The Atlanta Falcons are in a tough spot with marquee defensive tackle Grady Jarrett. They claim to ‘love’ him – this comes from team owner Arthur Blank and head coach Arthur Smith – but they hint at the recognition that he is an expensive piece in a rebuild.
Enter the Dallas Cowboys and defensive coordinator Dan Quinn.
Jarrett still has one season left on his four-year, $68 million contract and is slated for $16.5 million in salary in 2022. For Dallas, those are… well, hurdles. It’s a bonus for a player who has made the Pro Bowl twice and who is only 28 years old. And part of a trade would surely include a new contract.
Can the Cowboys get the Falcons to consider footing part of the bill? Can Quinn do what he did inside The Star with other guys who played for him in Atlanta – Keanu Neal and Damontae Kazee (for a year in 2021) and now Dante Fowler are all becoming Cowboys?
We know the way the Cowboys lean here. Defensive tackles on the list are just-signed Carlos Watkins (at least a vet) and a collection of kids: Neville Gallimore, Osa Odighizuwa, Trysten Hill and Quinton Bohanna.
We bet the Falcons would be willing to be sellers here, and for something far less than an early-round NFL Draft pick. But we can understand why the Cowboys don’t want to pay for a guy who made 17 appearances last year but only had one sack. He received a poor rating of 67.8 from Pro Football Focus after hitting 80.2 and 90.1 in the previous two years.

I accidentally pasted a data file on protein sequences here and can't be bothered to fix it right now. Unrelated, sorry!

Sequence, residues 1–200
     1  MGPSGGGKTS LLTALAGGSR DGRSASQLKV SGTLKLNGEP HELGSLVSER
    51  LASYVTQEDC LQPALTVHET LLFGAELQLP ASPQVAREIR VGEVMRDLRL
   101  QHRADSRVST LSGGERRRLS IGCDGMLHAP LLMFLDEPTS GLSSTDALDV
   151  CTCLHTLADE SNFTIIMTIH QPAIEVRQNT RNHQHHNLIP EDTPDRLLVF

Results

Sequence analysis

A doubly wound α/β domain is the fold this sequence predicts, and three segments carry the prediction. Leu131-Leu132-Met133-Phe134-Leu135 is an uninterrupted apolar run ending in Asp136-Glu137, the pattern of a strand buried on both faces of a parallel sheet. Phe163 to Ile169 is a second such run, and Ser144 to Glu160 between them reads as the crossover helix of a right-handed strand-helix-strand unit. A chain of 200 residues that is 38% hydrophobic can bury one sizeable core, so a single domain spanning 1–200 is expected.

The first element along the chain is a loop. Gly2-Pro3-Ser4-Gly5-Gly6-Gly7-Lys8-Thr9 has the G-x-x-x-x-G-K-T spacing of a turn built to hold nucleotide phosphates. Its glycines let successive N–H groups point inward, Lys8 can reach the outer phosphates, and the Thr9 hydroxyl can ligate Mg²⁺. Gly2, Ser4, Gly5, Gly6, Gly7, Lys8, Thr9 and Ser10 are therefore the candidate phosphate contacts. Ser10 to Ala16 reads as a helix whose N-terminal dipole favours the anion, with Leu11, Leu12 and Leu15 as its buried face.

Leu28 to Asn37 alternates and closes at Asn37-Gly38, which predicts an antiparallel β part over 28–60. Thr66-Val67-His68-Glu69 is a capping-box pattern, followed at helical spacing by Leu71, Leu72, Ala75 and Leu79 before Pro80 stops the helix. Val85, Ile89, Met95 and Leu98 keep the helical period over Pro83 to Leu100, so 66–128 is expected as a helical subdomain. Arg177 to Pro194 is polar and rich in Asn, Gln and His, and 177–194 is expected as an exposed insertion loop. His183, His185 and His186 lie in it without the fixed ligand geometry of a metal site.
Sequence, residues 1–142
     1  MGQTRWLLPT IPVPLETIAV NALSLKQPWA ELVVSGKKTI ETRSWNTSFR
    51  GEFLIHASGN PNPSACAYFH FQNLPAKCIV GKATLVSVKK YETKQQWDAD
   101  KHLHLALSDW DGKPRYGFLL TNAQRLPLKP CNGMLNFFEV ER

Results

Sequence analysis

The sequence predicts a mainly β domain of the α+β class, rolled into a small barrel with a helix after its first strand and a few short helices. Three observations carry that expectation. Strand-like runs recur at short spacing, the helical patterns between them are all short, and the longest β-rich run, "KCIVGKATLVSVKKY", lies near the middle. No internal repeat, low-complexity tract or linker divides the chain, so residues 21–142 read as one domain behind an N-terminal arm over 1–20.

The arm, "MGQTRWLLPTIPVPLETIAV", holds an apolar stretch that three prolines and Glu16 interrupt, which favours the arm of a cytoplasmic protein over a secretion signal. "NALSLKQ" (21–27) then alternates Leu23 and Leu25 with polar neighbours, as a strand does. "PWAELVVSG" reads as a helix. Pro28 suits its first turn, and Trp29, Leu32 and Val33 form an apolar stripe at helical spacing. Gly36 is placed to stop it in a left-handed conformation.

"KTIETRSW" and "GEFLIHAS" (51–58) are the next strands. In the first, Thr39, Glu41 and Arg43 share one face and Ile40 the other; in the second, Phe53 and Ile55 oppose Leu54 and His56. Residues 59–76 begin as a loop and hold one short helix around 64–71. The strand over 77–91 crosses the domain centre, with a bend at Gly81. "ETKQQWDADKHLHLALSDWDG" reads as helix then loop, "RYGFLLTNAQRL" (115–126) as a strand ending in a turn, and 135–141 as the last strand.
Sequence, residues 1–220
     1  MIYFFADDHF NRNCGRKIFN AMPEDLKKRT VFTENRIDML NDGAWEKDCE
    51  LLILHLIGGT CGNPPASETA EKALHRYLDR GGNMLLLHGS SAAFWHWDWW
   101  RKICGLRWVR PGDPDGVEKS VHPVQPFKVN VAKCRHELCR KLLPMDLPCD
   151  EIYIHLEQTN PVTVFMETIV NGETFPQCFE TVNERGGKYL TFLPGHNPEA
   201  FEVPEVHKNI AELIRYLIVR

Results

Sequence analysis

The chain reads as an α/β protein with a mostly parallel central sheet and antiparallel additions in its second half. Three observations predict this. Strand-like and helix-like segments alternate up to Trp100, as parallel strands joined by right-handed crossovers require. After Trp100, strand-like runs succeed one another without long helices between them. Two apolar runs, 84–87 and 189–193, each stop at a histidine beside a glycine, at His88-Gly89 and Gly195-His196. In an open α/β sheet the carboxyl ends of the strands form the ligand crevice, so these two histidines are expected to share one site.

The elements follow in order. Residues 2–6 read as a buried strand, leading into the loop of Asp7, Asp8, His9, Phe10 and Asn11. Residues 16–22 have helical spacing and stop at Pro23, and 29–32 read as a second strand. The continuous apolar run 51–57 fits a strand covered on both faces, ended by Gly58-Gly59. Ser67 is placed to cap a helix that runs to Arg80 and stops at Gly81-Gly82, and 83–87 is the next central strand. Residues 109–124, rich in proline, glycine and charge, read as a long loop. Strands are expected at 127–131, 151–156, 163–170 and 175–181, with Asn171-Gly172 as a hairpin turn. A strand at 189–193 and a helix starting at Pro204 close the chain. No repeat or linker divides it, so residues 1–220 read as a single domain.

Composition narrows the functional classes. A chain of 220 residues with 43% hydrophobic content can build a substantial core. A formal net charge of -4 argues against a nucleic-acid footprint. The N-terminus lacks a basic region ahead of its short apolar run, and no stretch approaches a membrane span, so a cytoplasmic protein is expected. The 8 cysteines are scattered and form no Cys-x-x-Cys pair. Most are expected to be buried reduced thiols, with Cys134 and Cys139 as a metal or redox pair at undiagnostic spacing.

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Sacks aren’t everything, but the 6-foot-1, 305-pound Jarrett, a former fifth-round pick, is more of a plugger. He had 7.5 bags in one season a few years ago, but harvests three or four bags annually.
Is it worth a hefty price tag, especially if Jarrett’s presence frees up guys like Micah Parsons, DeMarcus Lawrence, Fowler and Dorance Armstrong to go to QB?
Quinn has a commitment to the Cowboys. “I have unfinished business here,” Quinn told CowboysSI.com in an exclusive interview. the 11th of March. “We have the right people in place to accomplish the things everyone in this building is working to accomplish. We are doing it right now. We’re doing it today – getting closer to a goal.
Grady Jarrett is almost certainly DQ’s idea of ”good people.” But unless the Falcons want to pay the check on this one, he’s probably not the Cowboys’ idea of the “right price.”
In the meantime, Jarrett is definitely the Arthurs’ idea of ”good people.” But is this the idea of ”the future of the Falcons”? The answer to this question is looming.